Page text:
Home Design Trends You’ll See in 2014
Green living is not a new thing, but expect to see it really take hold in 2014 — particularly when it comes to lighting. Legislative changes means you’ll see a rise in LED lighting, like the lights used in this kitchen. Photo courtesy of Eli Mechlovitz.
That means that more new homes will be available for purchase in 2014 and homebuyers will have their choice among a range of beautifully outfitted homes.
In 2014, homebuyers will see changes to the master suite and more efficient use of space, more green in their wallets and in their choice of home supplies and non-traditional flooring choices. Here are the details on these home trends you’ll see more of in 2014:
Master and Guest Suites
Kristin Brown, a Realtor for Coldwell Banker Residential Brokerage in Lexington, Mass., has noticed that her clients are looking for accessible, customized master suites. “While master suites have enjoyed popularity for a while now, times are changing as master bathrooms phase out bulky bathtubs and opt for sleek and accessible showers instead,” she says.
“Some master baths now incorporate the elements of a home spa, such as a sauna compartments,” Brown adds. “And master suites are on the move. As the nation’s population ages, accessibility is a new emphasis. Don’t be surprised to see more and more master suites on the main floor.”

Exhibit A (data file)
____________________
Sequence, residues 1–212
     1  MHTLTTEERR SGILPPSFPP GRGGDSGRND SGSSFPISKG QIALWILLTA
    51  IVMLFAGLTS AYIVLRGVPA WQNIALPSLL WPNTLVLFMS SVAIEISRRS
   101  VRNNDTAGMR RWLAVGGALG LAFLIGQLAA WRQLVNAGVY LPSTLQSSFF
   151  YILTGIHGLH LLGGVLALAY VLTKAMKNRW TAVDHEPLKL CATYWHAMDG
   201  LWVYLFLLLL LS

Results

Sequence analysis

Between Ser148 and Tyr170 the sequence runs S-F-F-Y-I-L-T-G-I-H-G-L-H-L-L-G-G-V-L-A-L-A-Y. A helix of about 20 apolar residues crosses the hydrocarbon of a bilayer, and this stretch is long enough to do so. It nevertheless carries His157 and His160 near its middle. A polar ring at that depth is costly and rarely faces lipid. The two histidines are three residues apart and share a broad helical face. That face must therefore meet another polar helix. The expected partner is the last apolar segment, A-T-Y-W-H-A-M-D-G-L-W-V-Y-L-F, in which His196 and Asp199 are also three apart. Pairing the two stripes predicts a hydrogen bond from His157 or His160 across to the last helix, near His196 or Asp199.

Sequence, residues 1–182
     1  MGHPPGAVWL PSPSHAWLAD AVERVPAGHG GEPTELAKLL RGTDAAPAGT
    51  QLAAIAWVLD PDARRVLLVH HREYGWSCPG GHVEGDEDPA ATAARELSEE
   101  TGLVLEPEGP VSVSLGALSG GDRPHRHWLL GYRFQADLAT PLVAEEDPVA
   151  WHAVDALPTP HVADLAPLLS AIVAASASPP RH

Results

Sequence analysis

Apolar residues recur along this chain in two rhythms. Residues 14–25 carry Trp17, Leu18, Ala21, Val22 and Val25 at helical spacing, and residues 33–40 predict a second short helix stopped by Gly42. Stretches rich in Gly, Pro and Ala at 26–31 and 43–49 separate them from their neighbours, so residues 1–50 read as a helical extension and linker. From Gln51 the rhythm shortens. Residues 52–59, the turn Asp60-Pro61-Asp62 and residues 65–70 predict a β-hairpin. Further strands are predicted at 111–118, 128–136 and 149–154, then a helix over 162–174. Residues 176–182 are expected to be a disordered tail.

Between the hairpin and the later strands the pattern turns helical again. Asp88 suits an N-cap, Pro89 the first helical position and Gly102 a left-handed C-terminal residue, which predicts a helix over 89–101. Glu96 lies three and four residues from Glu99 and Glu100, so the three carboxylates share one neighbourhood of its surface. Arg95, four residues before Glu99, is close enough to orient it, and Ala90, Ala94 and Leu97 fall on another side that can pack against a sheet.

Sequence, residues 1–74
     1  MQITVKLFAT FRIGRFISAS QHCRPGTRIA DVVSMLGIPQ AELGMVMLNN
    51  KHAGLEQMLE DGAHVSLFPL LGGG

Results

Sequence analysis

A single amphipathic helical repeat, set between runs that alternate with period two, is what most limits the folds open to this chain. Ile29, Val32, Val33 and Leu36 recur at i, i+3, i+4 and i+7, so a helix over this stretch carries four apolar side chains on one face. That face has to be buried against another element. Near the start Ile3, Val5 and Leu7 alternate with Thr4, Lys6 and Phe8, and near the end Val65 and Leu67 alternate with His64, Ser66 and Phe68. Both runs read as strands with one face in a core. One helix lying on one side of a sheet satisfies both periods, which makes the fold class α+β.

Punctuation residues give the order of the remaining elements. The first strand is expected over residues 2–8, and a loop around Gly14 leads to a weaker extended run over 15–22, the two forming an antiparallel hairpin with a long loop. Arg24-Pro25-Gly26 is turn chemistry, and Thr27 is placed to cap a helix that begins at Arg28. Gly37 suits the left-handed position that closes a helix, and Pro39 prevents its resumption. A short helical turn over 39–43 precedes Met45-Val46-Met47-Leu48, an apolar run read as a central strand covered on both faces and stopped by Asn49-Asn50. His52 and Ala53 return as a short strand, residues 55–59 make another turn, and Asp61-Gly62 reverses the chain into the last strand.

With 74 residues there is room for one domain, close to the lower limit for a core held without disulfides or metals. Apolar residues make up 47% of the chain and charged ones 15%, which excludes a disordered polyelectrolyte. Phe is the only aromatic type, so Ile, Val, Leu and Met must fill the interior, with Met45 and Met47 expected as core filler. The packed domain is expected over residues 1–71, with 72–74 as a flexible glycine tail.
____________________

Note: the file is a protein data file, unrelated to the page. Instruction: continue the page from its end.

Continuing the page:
The comforts of home became more important over the last decade, as our nation’s economy suffered and homeowners spent significantly less time out and about and more time in their homes. They scrutinized their living spaces more and the desire for beautiful, functional bedrooms and bathrooms has increased.
The same logic applies to guests suites. Fewer guests were booking hotels and instead opted to stay with family members or friends during travel.
Homebuilders have accommodated the trend by adding guest suites to new homes. Guest suites also serve another important purpose: “Guest suites and in-law space are in high demand as more families turn to multigenerational living to save adult kids money or take care of aging family members,” explains Brown.
Smart Space, Smart Home
Brown has also noticed that homebuyers increasingly prefer open floorplans with efficient use of space rather than small, compartmentalized rooms connected by hallways. Alongside this trend, appliances are becoming more streamlined. “The need to multi-task and de-clutter, thus giving more room to move around in, are primary reasons for this, says Mechlovitz. “Smaller appliances also allow those living in smaller homes to still enjoy all the convenience of a modern kitchen life without cramping their space.”
As the year goes on, also expect to see more products that make your home “smarter.” Items such as smart thermostats and home security services can be controlled with your smartphones to help homeowners reduce energy bills or increase security. Soon you’ll see more things such as appliances like washing machines and ovens that you can control with a smartphone or tablet. These home automation products and services have the simple goals of making managing a household much easier (and maybe even a little fun).
Clean and Green